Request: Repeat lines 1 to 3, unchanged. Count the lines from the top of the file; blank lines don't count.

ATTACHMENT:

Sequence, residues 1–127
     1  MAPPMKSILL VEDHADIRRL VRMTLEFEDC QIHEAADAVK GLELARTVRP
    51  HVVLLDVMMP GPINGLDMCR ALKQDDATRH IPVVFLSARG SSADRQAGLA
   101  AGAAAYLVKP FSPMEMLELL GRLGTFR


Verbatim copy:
Sequence, residues 1–127
     1  MAPPMKSILL VEDHADIRRL VRMTLEFEDC QIHEAADAVK GLELARTVRP
    51  HVVLLDVMMP GPINGLDMCR ALKQDDATRH IPVVFLSARG SSADRQAGLA